| • AZ-Sen: Could we actually see a retirement from the GOP's #2, Jon Kyl? Seems hard to believe, but there seems to be increasing chatter about it, at least to the extent that it's now a "real possibility." Local sources refer to his fundraising as being in a "holding pattern." Kyl promises a February deadline for deciding whether or not to run again.
• FL-Sen: He doesn't have the name rec of ex-Sen. George LeMieux or Rep. Connie Mack IV, but don't discount former state House majority leader Adam Hasner as a potential force in the GOP Senate primary. While he's little-known, insiders point to him having the best-built network for fundraising and activist mobilization among the GOPers. (Also worth noting: his wife just finished running Meg Whitman's campaign. Although I don't know if, at this point, that's a plus or a minus.)
• IN-Sen: Seemingly having learned from the 2010 Republican Senate primary, where two candidates split the hard-right vote and let warmed-over establishmentarian Dan Coats stroll to the nomination, Indiana tea partiers seem to be trying to coordinate their efforts better this time in order to beat Richard Lugar. 180 leaders met to summon three potential candidates (the already-oft-mentioned state Sen. Mike Delph and state Treasurer Richard Mourdock, but also 2010 IN-02 loser Jackie Walorski) to appear before them so they can unify behind one of them. (The article's worth reading too for some provocative pushback from Lugar's camp, including some thoughtful mention from them of the Latino vote, a growing demographic even in Indiana.) Meanwhile, faced with redistricting-related uncertainty in his House district, Rep. Joe Donnelly is continuing to "look at his political options" regarding a statewide run (where, theoretically, a Senate run could be more appealing, if odds are starting to look like the Gov. opponent will be Mike Pence and the Sen. opponent will be a little-known teabagger).
• MA-Sen: Cat fud doesn't get any better than this: the National Republican Trust PAC, which spent $95K on IEs to get Scott Brown elected in 2010, is now vowing to defeat Brown in the next Republican primary in order to "protect its brand." The last straw for them? START, of all things. While I can't see such a primary likely to succeed (especially since these guys seem like kind of small-ball players... I mean, $95K?), the prospect of angry right-wingers staying home in November makes the general election that much more interesting. Meanwhile, Rep. Michael Capuano, who lost the special election Dem primary, still sounds like the Dem likeliest to make the race, although he's now saying he won't have a formal decision until summer. Another potential candidate, Rep. Stephen Lynch, is out with some comments that somehow don't seem likely to endear him any more to the party's base, saying that liberal activists should steer clear of primary challenges in 2012 (Lynch, of course, was recipient of one of those challenges). He stopped short of saying that they should steer clear of primary challenges to him in the Senate race, though, so that doesn't give much insight into his 2012 plans.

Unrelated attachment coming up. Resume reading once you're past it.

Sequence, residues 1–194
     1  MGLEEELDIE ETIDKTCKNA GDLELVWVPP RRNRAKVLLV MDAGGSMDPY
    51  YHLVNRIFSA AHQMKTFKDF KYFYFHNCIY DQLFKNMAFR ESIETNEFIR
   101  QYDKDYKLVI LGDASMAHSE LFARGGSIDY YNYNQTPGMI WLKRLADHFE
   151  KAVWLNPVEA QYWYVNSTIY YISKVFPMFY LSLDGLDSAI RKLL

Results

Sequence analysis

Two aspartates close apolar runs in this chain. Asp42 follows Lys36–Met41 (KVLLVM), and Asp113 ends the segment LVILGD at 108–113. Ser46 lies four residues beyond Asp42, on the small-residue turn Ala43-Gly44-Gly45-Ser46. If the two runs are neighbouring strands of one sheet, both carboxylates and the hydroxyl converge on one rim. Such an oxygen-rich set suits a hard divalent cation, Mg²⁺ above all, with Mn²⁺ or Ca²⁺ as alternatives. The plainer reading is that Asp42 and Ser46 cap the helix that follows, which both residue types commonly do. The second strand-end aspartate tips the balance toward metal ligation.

• MI-Sen: With Peter Hoekstra having made some vague noises about being interested in the Senate race last week, now it's Terry Lynn Land's turn. The former Republican SoS says she's "considering it," but interestingly, plans to meet with Hoekstra next week before making a decision.
• TX-Sen: This isn't much of a surprise, but west Texas's three interchangeable Republican House members (Mike Conaway, Randy Neugebauer, and Mac Thornberry) announced en masse that they weren't interested in running for the Senate seat. Makes sense... why give up the safest job in the nation (GOP House backbencher in a district that's R+25 or more) for the chance to get flattened in a primary by David Dewhurst and/or a teabagger to be named later?
• VT-Sen: Republican State Auditor Tom Salmon seems to have an amazing new quantitative scheme for gauging his interest in running for Senate: currently he says he's "65 percent in," and that "when I hit 75 percent it will commence exploratory." He also lets Politico know (I'm not making this up) that he "needs to be an authentic self-utilizing power along the lines of excellence." I guess he switched from being a Democrat to a Republican last year because he felt more welcome in the GOP, given their long-standing tolerance of Sarah Palin's gift for word salad.
• WI-Sen: This seems like a pretty good indicator that long-time Democratic Sen. Herb Kohl, who prefers to write his own checks rather than work the fundraising circuit, is planning another run in 2012 rather than retirement. He just loaned $1 million into his campaign account in the fourth quarter of 2011.